Having just referred to ritual impurity, I know that I am in danger of turning many readers off, but bear with me a bit longer! My conviction is that we cannot fully appreciate how the Gospel writers communicate Jesus’s significance apart from an accurate understanding of the ways in which first-century Jews constructed their world. I am persuaded that we often misunderstand the Gospel writers’ depictions of Jesus because we naturally and unthinkingly transfer him and the people of the literary world of the Gospels into our own conceptual world. When coming across something foreign or different, it is natural to translate (often unconsciously) whatever is foreign into something understandable. But modern readers of the Gospels will not rightly understand Jesus apart from a more thorough comprehension of ancient Jewish (and non-Jewish) ritual purity concerns, precisely because these purity concerns map out the reality of the world as the Gospel writers conceived it.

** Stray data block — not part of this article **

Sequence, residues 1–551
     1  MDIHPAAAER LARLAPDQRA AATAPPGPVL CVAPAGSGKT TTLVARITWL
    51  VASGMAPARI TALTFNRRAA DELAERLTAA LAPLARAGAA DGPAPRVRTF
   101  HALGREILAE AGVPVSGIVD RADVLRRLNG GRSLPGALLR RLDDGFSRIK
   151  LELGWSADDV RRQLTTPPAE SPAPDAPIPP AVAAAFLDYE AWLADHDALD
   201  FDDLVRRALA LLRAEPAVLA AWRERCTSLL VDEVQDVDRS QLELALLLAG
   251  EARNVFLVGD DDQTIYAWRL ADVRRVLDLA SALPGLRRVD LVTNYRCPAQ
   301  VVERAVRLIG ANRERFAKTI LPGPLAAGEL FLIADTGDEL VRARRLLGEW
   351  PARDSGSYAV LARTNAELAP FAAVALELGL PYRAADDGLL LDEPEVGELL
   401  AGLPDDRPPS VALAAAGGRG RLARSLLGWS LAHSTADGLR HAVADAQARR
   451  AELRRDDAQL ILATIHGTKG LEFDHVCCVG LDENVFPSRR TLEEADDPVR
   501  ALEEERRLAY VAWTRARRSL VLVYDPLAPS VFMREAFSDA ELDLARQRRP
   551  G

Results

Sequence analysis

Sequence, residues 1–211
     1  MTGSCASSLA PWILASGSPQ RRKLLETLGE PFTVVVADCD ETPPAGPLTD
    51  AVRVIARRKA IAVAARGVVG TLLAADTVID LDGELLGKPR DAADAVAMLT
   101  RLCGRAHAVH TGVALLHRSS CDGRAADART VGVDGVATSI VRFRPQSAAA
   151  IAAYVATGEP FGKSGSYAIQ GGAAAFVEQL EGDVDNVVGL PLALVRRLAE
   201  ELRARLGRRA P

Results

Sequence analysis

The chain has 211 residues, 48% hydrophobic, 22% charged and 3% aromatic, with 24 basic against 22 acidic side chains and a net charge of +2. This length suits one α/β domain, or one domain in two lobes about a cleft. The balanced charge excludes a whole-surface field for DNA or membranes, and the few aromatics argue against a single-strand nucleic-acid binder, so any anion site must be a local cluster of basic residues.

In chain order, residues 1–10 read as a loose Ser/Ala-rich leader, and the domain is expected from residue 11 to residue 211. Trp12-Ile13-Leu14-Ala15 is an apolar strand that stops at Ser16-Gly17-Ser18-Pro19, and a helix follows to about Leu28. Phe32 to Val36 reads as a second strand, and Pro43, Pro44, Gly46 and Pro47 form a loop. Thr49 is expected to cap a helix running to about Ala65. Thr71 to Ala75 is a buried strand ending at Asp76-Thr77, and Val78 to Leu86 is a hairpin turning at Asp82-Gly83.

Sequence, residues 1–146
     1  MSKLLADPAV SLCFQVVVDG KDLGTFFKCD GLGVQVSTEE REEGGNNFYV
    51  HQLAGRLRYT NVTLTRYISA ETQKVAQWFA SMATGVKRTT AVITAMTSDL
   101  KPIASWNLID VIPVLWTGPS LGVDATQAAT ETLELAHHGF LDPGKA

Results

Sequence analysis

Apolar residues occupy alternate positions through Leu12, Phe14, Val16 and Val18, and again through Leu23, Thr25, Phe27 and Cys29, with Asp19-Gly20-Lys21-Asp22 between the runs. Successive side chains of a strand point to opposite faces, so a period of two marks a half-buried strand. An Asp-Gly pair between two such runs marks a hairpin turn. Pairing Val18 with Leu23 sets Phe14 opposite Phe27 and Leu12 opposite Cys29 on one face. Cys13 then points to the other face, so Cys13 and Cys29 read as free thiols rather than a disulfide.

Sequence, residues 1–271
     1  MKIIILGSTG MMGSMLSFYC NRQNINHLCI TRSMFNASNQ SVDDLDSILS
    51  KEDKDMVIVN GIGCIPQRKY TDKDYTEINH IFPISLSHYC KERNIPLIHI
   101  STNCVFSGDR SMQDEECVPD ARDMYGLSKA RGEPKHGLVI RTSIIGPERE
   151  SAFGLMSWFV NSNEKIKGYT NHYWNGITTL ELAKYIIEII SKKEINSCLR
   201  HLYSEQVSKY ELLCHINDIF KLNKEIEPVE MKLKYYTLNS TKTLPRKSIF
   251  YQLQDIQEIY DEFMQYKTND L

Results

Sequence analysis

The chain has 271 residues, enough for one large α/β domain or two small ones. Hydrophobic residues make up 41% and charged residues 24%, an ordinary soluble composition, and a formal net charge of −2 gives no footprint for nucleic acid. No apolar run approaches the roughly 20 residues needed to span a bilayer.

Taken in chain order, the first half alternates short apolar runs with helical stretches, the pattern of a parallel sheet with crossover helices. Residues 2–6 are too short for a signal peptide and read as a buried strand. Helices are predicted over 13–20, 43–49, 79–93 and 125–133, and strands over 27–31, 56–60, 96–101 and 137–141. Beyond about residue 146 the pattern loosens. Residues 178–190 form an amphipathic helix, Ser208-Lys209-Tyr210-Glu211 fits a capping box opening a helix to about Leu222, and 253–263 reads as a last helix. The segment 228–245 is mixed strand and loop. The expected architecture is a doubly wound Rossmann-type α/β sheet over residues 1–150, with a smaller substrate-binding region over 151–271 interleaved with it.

Understanding Purity on its Own Terms
Many modern readers of the New Testament find the Jewish ritual purity system to be alien at best and irrational at worst. Surely, such thinking goes, it is an embarrassment to modern religious adherents that their sacred texts refer to natural bodily processes as impure. How can any enlightened person consider someone who experiences natural bodily processes, such as sex, childbirth, or menstruation, to be impure? For Christian readers, the embarrassment or discomfort created by these passages is often ameliorated only by the supposed fact that Jesus and Paul rejected ritual purity concerns because such laws were focused on trivial, external issues, when God cares about interior dispositions and attitudes. Consider the words of the early twentieth-century German theologian Adolf von Harnack: “[Jews] thought of God as of a despot guarding the ceremonial observances in His household; [Jesus] breathed in the presence of God. [The Jews] saw Him only in His law, which they had converted into a labyrinth of dark defiles, blind alleys and secret passages; [Jesus] saw and felt Him everywhere.” Harnack’s words describe Judaism as dead legalism focused on external ceremonies and then contrast this negative portrayal of Jewish religiosity to Jesus’s free spirituality. One can see in Harnack’s claims the belief that Judaism is a religion, while Christianity is a relationship with God.